By the acclaimed Haitian poet and scholar René Philoctète, the novel Massacre River: "a tour de force by an extraordinary writer" (Edwidge Danticat).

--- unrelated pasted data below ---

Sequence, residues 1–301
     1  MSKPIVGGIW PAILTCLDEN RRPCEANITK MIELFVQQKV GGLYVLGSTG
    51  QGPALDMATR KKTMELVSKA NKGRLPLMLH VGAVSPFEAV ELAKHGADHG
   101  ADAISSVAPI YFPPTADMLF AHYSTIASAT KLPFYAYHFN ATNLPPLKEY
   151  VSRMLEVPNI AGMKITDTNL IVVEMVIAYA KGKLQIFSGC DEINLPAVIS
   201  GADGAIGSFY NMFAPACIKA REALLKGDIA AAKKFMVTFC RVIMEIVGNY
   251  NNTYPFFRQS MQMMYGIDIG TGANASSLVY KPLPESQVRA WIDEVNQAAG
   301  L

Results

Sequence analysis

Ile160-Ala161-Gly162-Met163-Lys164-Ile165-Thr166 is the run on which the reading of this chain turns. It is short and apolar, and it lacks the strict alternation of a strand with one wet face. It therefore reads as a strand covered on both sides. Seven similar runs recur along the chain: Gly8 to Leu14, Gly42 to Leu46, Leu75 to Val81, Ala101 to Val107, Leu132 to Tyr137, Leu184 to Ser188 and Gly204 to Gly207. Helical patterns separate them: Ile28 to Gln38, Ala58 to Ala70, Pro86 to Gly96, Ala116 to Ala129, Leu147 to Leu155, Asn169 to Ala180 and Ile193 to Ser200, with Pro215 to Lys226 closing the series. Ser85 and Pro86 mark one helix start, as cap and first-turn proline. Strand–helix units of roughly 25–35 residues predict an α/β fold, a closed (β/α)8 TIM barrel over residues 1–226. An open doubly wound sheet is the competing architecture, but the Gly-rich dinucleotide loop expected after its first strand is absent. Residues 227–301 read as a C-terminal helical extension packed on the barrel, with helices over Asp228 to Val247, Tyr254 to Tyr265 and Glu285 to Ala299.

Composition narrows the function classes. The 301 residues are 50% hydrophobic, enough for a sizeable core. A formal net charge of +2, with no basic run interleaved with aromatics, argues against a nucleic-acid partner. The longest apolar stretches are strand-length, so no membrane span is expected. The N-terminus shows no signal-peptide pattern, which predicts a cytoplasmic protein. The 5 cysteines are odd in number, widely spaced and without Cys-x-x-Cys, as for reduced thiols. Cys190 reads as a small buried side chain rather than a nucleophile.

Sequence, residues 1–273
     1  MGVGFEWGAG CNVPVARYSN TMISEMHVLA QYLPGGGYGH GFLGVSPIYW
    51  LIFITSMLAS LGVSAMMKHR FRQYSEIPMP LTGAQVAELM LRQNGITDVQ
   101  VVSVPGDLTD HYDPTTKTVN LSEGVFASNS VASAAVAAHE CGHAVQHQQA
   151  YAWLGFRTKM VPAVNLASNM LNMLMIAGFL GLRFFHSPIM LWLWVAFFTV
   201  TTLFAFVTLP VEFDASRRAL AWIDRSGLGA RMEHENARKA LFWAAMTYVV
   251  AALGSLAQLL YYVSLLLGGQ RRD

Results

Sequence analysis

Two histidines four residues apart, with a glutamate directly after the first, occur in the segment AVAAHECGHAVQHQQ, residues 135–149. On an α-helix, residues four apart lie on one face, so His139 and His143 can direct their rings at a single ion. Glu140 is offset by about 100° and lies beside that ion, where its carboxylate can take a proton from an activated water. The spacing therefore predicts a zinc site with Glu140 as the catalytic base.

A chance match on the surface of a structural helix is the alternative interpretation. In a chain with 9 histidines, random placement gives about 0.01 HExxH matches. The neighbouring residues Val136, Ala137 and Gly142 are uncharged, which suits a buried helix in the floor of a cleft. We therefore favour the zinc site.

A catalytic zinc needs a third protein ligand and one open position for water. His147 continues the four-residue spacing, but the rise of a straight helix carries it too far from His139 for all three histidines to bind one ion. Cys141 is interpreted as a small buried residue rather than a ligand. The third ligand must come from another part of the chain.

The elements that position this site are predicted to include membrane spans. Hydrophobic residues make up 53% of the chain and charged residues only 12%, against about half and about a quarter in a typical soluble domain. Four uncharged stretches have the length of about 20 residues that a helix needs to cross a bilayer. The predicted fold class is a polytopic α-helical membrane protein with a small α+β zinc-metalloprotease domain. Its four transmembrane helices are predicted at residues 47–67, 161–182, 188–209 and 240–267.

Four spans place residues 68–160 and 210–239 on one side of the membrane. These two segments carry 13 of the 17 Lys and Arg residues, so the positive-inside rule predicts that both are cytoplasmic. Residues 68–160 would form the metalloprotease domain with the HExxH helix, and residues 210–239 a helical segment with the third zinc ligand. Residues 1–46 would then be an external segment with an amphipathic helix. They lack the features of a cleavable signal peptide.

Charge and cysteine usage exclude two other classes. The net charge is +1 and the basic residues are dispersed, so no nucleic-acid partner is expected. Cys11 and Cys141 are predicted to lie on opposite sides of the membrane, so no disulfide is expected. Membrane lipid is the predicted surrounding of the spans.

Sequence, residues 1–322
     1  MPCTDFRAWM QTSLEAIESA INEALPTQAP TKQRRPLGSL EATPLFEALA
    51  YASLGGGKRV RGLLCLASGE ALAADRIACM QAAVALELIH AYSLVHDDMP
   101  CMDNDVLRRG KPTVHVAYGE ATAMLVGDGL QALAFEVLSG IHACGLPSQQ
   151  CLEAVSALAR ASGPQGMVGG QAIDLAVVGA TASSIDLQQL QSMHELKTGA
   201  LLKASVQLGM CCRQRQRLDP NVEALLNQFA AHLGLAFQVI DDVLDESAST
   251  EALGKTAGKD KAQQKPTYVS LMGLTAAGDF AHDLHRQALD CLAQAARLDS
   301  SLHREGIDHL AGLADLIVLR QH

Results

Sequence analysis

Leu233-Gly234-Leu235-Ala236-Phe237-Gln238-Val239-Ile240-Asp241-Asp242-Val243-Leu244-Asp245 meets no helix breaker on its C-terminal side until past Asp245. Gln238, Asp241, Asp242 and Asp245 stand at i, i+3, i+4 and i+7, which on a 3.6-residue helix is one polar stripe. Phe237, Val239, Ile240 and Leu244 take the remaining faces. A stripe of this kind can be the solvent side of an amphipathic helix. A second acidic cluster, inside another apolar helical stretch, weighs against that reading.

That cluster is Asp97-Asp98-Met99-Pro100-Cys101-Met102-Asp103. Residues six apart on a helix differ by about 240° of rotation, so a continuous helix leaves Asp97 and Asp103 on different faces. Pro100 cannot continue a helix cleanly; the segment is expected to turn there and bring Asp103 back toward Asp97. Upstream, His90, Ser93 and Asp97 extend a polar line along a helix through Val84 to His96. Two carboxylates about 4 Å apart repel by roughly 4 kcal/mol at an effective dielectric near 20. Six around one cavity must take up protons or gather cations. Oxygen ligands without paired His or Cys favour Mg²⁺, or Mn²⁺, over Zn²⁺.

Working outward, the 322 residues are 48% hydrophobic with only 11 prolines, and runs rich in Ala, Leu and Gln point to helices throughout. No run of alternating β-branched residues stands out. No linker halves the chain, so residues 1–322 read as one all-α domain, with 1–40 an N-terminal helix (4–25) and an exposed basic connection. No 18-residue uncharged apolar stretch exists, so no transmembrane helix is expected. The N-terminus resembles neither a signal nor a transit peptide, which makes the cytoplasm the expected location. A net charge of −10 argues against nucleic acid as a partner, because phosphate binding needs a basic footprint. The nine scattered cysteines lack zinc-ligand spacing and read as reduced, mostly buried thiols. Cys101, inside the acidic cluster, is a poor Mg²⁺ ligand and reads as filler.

In 1937 the power-mad racist Generalissimo Trujillo ordered the slaughter of thousands and thousands of Haitians—and, as Philoctète puts it, death set up shop everywhere. At the heart of Massacre River is the loving marriage of the Dominican Pedro and the Haitian Adèle in a little town on the Dominican border. On his way to work, Pedro worries that a massacre is in the making; an olive-drab truck packed with armed soldiers rumbles by. And then the church bells begin to ring, and there is the relentless voice on the radio everywhere, urging the slaughter of all the Haitians. Operation Cabezas Haitianas (Haitian Heads) is underway, the soldiers shout, "Perejil! [Parsley!] Perish! Punish!" Haitians try to pronounce "perejil" correctly, but fail, and weep. The town is in an uproar, Adele is ordered to say "perejil" but stammers. And Pedro runs home and searches for his beloved wife, searches and searches… "The characters of this book not only inspired the love and outrage of an extraordinary writer like Philoctète," writes Edwidge Danticat, "but continue to challenge the meaning of community and humanity in all of us."
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